When we think about the most unexpected, unofficial holiday, it’s probably April 1. Also known as April Fool’s Day, it is a holiday of pranks and humiliations, where people pull pranks on each other for fun. It seems the day is one of the most light-hearted ones in the year, but where did it originate from?
One source states that in 1582, Pope Gregory XIII ordered a new calendar, the Gregorian Calendar, to replace the old Julian Calendar for the Europeans. The new calendar stated that New Year’s Day was supposed to be celebrated on January 1st instead of April 1st. According to popular explanations, many people either refused to accept the new date or were unaware of the change and continued to celebrate New Year’s on April 1st. Those who celebrated on January 1st thought that this was hilarious and made fun of these traditionalists. They would send them on “fool’s errands” or try tricking them to believe something false. Soon enough, this tradition was passed along all over Europe.
Another source states that April Fool’s is a welcoming for Spring. With the transition of seasons from winter to spring, we celebrate with more light-hearted traditions. It’s somewhat similar to Halloween, but Halloween embraces the darkness of winter than the light of spring. The pranks are lighter in spirit unlike the dangerous pranks performed on Halloween or “Hell’s Night.”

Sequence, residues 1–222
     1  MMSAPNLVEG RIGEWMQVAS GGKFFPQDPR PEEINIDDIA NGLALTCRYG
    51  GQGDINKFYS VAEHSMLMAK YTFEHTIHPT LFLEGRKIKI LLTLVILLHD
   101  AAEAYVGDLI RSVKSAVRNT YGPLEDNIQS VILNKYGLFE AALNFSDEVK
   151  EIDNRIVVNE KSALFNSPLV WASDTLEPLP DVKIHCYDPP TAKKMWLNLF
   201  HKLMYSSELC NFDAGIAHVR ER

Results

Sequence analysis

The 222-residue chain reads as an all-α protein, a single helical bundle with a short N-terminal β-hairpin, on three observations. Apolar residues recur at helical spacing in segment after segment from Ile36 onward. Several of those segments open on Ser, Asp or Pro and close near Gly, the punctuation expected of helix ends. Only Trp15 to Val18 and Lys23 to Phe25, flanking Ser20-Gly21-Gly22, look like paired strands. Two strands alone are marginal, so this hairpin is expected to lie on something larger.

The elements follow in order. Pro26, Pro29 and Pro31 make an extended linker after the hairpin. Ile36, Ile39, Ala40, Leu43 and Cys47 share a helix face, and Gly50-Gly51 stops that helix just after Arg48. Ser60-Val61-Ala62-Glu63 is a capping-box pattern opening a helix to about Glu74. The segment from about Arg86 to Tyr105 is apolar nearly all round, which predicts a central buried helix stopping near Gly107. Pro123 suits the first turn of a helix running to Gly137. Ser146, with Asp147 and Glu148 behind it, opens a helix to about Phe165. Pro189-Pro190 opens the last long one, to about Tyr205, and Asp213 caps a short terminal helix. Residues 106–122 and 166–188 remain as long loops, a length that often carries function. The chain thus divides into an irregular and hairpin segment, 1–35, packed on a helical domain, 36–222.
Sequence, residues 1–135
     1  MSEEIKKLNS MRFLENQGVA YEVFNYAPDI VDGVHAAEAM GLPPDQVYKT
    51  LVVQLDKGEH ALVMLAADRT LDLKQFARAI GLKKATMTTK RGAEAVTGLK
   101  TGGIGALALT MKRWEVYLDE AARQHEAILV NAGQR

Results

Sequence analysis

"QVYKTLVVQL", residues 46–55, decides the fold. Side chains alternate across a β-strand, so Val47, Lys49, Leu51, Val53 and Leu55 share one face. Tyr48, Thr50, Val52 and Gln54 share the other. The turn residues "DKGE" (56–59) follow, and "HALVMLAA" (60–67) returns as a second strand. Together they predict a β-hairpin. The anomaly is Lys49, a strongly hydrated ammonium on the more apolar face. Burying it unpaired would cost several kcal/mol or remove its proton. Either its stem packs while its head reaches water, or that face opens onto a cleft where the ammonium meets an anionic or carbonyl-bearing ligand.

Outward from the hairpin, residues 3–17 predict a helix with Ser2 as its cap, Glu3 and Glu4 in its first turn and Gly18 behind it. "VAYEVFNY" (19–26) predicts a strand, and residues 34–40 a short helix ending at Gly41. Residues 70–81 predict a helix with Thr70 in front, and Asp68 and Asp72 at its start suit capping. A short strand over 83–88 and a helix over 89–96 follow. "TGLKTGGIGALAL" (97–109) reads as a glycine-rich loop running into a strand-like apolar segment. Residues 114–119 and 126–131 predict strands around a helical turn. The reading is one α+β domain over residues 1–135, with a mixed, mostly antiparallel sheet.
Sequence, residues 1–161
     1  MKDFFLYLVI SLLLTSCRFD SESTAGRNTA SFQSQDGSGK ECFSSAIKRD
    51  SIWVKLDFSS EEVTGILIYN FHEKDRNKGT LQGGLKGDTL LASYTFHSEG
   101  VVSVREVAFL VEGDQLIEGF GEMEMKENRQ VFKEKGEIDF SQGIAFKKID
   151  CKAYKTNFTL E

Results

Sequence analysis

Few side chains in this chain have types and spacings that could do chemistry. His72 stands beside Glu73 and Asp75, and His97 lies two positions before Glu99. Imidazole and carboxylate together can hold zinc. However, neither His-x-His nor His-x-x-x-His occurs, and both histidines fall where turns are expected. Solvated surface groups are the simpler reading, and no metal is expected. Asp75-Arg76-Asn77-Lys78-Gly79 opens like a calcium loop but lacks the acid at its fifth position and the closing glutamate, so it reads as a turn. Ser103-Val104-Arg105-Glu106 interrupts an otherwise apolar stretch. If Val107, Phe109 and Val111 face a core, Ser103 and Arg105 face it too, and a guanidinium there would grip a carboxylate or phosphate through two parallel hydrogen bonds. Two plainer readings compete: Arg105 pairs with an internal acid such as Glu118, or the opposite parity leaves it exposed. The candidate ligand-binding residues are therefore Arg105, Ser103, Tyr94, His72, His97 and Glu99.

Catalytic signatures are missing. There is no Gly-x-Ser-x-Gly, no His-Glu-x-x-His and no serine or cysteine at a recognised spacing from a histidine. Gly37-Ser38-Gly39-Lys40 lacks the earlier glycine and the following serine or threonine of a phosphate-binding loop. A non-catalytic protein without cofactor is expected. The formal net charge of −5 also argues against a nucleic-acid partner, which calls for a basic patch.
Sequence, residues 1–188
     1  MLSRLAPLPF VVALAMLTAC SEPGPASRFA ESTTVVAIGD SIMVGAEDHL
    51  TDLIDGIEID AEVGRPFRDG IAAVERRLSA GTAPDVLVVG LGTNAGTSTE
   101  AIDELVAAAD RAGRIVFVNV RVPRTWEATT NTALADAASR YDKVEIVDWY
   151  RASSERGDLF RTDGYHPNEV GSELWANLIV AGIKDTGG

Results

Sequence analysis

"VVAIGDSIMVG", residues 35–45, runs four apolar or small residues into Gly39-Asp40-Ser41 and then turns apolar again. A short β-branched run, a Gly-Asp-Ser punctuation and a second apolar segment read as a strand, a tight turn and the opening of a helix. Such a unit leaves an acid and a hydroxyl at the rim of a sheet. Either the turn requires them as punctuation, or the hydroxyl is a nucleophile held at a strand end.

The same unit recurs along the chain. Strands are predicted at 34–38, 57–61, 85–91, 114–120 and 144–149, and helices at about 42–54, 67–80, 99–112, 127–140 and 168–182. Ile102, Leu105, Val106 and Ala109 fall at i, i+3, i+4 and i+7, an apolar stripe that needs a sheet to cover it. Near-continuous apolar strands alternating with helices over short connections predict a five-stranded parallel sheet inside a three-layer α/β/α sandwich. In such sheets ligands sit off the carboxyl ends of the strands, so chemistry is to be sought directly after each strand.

April Fool’s was not popular in the media until around the mid 1950’s. One famous example is from the BBC show Panorama of April 1, 1957, when viewers were introduced to a family of Italian spaghetti farmers. To introduce the idea of April Fool’s, the spaghetti farmers sarcastically joked that their backyard is filled with spaghetti noodles from the seed that they have planted. At the time, spaghetti was a relatively new food in Britain, so hundreds of people were naive to believe the prank and called in to ask where they can possibly get a spaghetti tree.
To this day, April Fool’s is observed throughout the Western world on April 1st. The very name “April” comes from Latin, which means “to open”, so April signifies the opening of spring. The passage between the darkness and cold of winter and the light and warmth of spring is a seasonal change to be celebrated. Typical practices on April Fool’s Day include telling people ridiculous jokes, pulling pranks, sending someone on a “fool’s errand”, looking for something that doesn’t exist, and more.
So, next year when April Fool’s Day comes along, make sure to pull a joke or prank on your friend, classmate, teacher, or family! However, remember that if the victim isn’t laughing, then the April foolishness has not worked.
Chloe S. Mun, Grade 8
Jeffrey Trail Middle School